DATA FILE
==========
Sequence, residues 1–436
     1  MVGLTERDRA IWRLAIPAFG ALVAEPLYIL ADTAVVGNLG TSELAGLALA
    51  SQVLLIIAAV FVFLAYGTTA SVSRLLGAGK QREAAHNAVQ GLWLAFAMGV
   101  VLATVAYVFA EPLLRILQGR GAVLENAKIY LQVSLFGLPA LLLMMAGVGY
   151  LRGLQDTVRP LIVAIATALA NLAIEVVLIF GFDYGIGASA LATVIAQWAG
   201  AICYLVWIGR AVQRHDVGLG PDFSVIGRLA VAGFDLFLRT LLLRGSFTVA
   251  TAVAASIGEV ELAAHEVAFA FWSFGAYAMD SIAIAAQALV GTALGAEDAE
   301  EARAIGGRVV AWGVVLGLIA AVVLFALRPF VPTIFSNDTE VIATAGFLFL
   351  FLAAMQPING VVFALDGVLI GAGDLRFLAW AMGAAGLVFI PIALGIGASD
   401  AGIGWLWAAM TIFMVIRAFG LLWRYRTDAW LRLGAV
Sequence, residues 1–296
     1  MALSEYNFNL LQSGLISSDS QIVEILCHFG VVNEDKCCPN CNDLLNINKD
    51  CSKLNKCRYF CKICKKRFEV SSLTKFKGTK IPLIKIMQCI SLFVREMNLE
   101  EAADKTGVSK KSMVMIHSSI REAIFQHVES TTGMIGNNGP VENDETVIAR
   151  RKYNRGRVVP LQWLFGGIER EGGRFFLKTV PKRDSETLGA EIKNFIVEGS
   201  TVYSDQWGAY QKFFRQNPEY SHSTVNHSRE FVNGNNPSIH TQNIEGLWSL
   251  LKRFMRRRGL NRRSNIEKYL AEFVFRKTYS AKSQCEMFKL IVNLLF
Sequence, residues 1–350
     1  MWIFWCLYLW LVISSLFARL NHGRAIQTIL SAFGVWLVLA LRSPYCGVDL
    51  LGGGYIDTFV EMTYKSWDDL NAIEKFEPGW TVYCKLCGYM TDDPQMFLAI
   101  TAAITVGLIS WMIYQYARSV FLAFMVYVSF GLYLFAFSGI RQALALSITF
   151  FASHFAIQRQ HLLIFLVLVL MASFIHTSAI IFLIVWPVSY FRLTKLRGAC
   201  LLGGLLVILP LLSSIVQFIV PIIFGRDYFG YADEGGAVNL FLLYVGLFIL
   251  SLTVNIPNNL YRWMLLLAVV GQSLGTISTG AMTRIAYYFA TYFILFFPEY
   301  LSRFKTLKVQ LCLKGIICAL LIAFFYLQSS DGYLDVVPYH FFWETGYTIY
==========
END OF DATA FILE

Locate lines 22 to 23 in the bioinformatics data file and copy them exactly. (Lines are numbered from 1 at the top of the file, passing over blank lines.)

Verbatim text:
   151  FASHFAIQRQ HLLIFLVLVL MASFIHTSAI IFLIVWPVSY FRLTKLRGAC
   201  LLGGLLVILP LLSSIVQFIV PIIFGRDYFG YADEGGAVNL FLLYVGLFIL